First Unitarian Church of Worcester, MA  90 Main Street

On September 11, 2001 Gregory Rodriguez, who worked on the 103rd floor of One World Trade Center in New York City, died along with more than three thousand innocent people whose lives were cut short by fanatics using aircraft as bombs.  Four days after the attacks the New York Times printed a heartfelt letter from Gregory’s parents Orlando and Phyllis.  This is part of that letter:

Our son died a victim of an inhuman ideology.  Our actions [an apparent tendency toward avenging those deaths] should not serve the same purpose.  Let us grieve.  Let us reflect and pray.  Let us think about a rational response that brings real peace and justice to our world.  But let us not add to the inhumanity of our times.

As a nation prepared for the tenth anniversary of that tragedy I made plans to visit a church for Sunday worship.  I chose carefully.  I wanted to be in a thoughtful place for this anniversary, not in some place where sentimental remembrances would drip like Elmer’s Glue from the sides of theological paper plates.   And I didn’t need more jingoism, especially in the context of worship.  I needed to reflect and pray.

A few years ago I read F. Forrest Church’s “Our Chosen Faith:  An Introduction to Unitarian Universalism” (1989) in which Church cites the founding principles expressed by early “Unitarian” William Channing in the early 1800’s.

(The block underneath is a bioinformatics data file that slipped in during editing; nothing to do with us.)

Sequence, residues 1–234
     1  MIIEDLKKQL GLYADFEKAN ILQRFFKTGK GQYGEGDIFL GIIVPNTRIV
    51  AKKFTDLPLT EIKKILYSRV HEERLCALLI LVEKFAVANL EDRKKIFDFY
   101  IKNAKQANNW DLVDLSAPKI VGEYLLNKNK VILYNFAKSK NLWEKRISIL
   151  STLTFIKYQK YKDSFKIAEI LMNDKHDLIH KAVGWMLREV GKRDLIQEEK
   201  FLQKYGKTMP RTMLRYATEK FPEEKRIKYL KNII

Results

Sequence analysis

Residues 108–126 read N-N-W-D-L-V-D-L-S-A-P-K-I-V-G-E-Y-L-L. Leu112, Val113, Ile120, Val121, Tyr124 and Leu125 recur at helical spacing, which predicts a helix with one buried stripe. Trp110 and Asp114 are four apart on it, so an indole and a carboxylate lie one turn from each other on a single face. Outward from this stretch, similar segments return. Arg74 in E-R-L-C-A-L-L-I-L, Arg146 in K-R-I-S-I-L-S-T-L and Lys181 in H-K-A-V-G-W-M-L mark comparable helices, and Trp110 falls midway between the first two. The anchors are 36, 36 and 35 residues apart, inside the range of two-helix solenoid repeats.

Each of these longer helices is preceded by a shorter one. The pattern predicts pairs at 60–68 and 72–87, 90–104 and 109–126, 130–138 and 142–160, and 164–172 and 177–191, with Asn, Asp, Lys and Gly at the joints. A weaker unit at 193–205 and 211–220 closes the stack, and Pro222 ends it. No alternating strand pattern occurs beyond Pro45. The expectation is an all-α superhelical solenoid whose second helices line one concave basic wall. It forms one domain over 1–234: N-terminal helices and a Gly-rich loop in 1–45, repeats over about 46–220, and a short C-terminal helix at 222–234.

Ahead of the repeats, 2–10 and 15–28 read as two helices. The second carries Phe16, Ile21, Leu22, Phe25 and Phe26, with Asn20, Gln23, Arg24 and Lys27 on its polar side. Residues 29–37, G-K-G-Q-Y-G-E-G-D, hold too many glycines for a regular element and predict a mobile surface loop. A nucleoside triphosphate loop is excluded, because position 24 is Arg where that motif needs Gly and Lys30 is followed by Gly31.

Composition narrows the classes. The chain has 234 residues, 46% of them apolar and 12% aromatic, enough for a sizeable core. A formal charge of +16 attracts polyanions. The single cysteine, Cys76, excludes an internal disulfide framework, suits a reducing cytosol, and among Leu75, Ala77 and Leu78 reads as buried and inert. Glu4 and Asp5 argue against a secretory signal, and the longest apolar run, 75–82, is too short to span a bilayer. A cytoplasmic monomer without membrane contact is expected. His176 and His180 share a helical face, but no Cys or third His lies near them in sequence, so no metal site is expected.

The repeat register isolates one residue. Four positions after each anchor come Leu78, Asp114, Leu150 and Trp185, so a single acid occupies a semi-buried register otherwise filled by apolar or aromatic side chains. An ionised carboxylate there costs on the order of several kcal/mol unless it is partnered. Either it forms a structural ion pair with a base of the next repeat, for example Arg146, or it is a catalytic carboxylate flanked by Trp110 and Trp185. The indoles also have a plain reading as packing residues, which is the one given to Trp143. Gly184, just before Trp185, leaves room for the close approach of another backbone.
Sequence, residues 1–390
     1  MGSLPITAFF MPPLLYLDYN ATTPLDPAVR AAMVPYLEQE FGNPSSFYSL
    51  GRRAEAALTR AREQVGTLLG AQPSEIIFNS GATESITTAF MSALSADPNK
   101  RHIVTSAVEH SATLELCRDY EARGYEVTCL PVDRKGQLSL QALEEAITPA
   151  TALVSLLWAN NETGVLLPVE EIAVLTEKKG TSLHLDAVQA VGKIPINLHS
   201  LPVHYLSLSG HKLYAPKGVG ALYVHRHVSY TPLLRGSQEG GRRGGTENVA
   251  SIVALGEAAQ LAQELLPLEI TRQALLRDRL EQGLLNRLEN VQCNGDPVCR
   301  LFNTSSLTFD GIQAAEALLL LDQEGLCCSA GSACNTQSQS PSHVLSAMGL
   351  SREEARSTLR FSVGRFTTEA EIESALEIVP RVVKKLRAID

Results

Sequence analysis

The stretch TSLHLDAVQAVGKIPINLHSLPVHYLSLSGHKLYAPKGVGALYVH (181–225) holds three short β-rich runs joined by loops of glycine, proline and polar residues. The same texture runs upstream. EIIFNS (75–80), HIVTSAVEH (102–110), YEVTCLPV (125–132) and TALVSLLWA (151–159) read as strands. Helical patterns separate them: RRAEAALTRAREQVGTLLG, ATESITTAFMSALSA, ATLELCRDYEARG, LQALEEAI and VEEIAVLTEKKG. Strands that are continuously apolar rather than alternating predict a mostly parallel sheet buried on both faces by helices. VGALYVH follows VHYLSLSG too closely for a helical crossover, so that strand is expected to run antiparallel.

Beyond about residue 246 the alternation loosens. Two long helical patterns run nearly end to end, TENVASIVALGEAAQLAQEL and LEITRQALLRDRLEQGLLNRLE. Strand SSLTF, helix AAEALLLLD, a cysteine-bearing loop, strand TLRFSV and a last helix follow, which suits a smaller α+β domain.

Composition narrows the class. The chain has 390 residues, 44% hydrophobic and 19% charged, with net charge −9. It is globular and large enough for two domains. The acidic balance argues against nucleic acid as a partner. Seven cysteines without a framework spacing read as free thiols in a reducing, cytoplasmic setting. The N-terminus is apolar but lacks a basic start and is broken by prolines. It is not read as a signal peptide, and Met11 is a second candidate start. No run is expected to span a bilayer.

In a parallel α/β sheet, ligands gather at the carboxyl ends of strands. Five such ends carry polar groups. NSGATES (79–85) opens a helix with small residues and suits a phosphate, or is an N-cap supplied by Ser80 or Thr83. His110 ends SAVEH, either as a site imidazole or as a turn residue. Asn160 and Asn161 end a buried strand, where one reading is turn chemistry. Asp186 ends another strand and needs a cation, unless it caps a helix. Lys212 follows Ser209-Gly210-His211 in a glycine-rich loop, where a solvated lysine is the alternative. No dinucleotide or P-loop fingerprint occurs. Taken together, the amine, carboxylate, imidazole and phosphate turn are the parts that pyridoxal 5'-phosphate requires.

Channing’s ideal was an inclusive church–one from which no one could be excommunicated, except ‘by the death of goodness’ in one’s own breast.  He became a leader in a movement away from a harsh and dogmatic Calvinism and toward a more liberating theology.  He preached grace, not fear, and spoke of human reason as a gift.  Then he applied reason to religious life, with profound insight into human motivation, history, the Bible, and contemporary moral and social issues.  He preached not retribution, but the love of God, and the human capacity for ‘likeness of God’ in more divine living.  He spoke of Jesus less as the second person of a metaphysical trinity than as a human example of human life lived to the fullness of its spiritual capacity (Our Chosen Faith,p.28).

I am truly sorry that Forrest Church, pastor of the Unitarian Church of All Souls in New York City,  died recently.  But I suspected his spirit and the spirit of William Channing might be alive and well in the First Unitarian Church of Worcester.  This seemed like the right place to be on September 11, 2011.

Sunday, September 11    10:30A.M.


Hidden Treasure.  The 21st chapter of Isaiah was a resource today, but so was “The Art of Living” by first century Greek philosopher Epictetus.  Here is a text that I suspect was shared in no other Worcester Church this Sunday: